November 18, 2011
In This Issue
Congressional leaders recently agreed upon a conference report agreement on a mini-omnibus appropriations measure (“mini-bus”) to for three separate appropriations bills through the remainder of Fiscal Year (FY) 2012. The bill also contains a continuing resolution (CR) that extends through December 16 to allow Congress additional time to come to an agreement on funding levels for the nine remaining appropriation bills.
All together, the mini-bus includes $182 billion in spending for the Departments of Transportation, Housing and Urban Development, Agriculture, Commerce, Justice as well as the National Science Foundation (NSF). The bill passed the House on Nov. 17 by a vote of 298-121. All but 20 Democrats supported the bill while 101 Republicans voted against it. Conservative Republicans opposed the bill because they believe the $757 million decrease from FY 2011 the bill contains is not enough of a cut. In the Senate, the bill passed by a vote of 70-30, with opposition coming solely from Republicans. President Obama is expected to sign the measure.
While overall funding levels were slightly reduced from prior fiscal years, some key science agencies and programs actually saw small bumps. Science investment in the “mini-bus” includes funding for NSF, the National Oceanic Atmospheric Administration (NOAA) and the Agricultural Research Service.
For NSF, the bill provides $7.033 billion, a $173 million increase from what was enacted for FY 2011. For Research and Related Activities, the bill provides $5.719 billion, an increase of $155 million from FY 2011. The Major Research Equipment and Facilities Construction account is funded at $167.055 million, a $50 million increase from FY 2011. Education and Human Resources is funded at $829 million, a $32 million decrease from FY 2011.
NOAA is funded at $4.9 billion for FY 2012, an increase of $306 million over FY 2011. NOAA’s National Weather Service receives $903 million, $24 million above FY 2011. The bill provides $924 million for the agency’sJoint Polar Satellite System weather satellite program, a $442 million increase over FY 2011. The bill does not include funding for the agency’s proposed climate service.
For programs funded under the Department of Agriculture, the Agricultural Research Service is provided with $1.09 billion, down from $1.133 billion in FY 2011. The National Institute of Food and Agricultural receives nearly $705.6 million, an increase from $698.7 million in FY 2011. The bill provides $844 million for Natural Resource Conservation Service (NRCS) programs, a $45 million decrease from FY 2011.
The White House Office of Science and Technology Policy (OSTP) is cut by 30 percent to $4.5 million in FY 2012. The steep cut is attributable to Commerce, Justice and Science Appropriations Subcommittee Chairman Frank Wolf (R-VA). While Chairman Wolf has been a consistent champion of science investment in general, he voiced strong opposition to OSTP Director John Holdren’s decision to hold a meeting with the Chinese science and technology minister and other officials. Wolf asserted that the meeting violated a provision of the FY 2011 appropriations bill that prohibited the National Aeronautics and Space Administration and OSTP from funding any initiative to collaborate or coordinate bilaterally with China or any Chinese-owned company.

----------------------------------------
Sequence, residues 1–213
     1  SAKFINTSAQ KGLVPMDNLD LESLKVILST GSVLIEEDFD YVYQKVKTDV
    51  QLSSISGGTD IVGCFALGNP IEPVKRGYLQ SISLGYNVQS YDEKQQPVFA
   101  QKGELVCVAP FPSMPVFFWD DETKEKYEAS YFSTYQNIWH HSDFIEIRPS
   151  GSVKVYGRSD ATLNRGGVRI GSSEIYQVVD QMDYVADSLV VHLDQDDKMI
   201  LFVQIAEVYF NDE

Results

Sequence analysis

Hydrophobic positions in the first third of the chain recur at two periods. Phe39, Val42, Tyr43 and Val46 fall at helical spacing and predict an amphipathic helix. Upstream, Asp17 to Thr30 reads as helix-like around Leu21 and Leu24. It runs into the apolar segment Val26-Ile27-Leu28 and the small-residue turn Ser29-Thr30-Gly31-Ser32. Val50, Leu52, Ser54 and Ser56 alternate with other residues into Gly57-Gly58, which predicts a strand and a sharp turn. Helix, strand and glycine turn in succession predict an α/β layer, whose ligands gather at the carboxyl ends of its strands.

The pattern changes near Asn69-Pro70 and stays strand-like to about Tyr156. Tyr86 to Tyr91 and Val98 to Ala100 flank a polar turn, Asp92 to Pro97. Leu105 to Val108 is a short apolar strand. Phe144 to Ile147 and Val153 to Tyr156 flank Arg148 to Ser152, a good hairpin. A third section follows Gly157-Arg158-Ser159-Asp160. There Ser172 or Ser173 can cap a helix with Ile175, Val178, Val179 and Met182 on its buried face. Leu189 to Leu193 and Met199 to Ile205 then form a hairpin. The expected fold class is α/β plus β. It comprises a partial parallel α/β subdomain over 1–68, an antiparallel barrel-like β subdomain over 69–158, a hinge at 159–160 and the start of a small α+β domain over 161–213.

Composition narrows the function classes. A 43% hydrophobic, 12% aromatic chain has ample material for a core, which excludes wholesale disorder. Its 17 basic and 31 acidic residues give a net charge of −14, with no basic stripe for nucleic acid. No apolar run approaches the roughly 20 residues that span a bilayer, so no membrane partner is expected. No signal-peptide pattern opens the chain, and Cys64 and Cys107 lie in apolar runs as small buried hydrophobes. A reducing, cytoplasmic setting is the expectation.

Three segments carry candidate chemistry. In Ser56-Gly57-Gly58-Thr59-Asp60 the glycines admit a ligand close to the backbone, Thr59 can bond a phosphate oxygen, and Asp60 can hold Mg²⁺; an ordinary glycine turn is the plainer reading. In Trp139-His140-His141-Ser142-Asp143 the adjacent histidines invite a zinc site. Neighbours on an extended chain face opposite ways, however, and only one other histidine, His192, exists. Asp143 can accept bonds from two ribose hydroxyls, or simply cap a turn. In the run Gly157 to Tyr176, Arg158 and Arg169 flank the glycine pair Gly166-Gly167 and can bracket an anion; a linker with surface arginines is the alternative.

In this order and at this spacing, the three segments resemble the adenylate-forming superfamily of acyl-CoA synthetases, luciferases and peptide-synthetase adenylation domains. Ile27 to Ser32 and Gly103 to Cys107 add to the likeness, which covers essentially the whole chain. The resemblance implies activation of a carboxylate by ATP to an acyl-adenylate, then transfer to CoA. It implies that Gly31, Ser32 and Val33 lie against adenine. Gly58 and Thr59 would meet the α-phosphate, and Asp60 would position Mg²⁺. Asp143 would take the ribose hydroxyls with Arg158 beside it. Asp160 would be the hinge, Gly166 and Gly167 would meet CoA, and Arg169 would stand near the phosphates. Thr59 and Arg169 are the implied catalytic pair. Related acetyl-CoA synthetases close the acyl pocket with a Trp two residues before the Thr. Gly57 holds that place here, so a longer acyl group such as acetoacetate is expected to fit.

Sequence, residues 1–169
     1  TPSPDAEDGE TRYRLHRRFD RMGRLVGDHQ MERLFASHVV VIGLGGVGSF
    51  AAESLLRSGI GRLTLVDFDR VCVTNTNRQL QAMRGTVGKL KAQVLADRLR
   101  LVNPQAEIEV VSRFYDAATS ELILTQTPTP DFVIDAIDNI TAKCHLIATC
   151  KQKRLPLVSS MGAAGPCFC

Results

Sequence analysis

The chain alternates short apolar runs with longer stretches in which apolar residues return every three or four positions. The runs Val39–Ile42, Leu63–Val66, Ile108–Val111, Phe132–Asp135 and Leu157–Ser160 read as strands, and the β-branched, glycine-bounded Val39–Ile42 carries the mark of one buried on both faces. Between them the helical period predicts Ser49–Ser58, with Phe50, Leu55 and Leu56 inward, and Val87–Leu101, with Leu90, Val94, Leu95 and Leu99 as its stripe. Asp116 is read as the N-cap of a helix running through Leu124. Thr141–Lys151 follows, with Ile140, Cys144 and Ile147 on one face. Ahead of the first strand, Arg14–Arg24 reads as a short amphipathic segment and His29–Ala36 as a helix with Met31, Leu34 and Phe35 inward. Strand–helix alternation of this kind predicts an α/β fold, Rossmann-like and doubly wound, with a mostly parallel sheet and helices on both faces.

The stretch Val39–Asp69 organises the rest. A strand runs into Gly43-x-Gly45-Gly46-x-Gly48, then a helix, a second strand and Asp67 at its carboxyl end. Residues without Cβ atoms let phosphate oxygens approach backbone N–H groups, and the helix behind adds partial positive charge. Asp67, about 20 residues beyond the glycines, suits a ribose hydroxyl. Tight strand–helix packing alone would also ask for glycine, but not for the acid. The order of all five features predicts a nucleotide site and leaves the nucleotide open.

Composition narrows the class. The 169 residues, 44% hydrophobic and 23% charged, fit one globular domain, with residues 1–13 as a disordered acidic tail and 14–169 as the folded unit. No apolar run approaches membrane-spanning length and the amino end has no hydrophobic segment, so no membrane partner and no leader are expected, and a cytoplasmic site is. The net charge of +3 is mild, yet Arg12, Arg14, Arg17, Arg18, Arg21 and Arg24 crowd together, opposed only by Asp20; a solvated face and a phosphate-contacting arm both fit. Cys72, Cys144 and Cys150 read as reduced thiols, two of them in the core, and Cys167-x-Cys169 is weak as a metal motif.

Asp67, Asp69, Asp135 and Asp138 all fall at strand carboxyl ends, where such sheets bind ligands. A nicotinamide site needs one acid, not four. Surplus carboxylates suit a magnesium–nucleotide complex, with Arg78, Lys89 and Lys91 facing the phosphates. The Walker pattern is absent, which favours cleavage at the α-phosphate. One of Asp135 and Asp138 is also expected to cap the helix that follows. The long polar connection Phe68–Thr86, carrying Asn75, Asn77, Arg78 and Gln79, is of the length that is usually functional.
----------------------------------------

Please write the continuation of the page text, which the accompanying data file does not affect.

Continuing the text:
A detailed summary of the conference report can be found here:
On Nov. 10, the U.S. Department of State announced that it was delaying a decision on the controversial TransCanadian Keystone XL pipeline until the first quarter of 2013, in effect postponing the decision until after the 2012 presidential election.
The State Department said it needed to conduct further investigation of the impact of Keystone XL on the Sand Hills region of Nebraska, a process it said could not be completed until at least the first quarter of 2013. The agency had previously said it expected a decision by the end of the year. If constructed, Keystone XL would run 1,700 miles from Canada to Texas and would convey a type of oil from Alberta, Canada, that is more carbon-intensive to produce than are other forms.
Environmentalists are strongly opposed to the pipeline, with some asserting that the administration’s decision would significantly impact their support for Obama in 2012. Opposition to the pipeline also attracted a significant proportion of young voters, a key demographic in the president’s election in 2008. Nebraska politicians had also expressed concern with the TransCanada pipeline, specifically related to the proposed route through the state’s Sand Hills region and the Ogallala aquifer, which is a key source of drinking water and irrigation for several states.
After the administration’s announcement, Sen. Mike Johanns (R-NE) issued a statement calling the decision “welcome news.” Sen. Johanns also wrote a letter to Sec. of State Hillary Clinton reinforcing his opposition to the planned route. “Considering your agency has studied the proposed route for several years, keeping it under consideration makes no sense given today’s announcement,” he wrote. “Please therefore consider this letter as a formal request that the Department of State immediately acknowledge that the current route is no longer being considered.”
Sen. Ben Nelson (D-NE) called the move “a win of Nebraskans. He continued, “The pipeline will be moved out of environmentally sensitive areas of Nebraska with TransCanada proposing a new route. The pipeline will be built, bringing jobs to Nebraska.”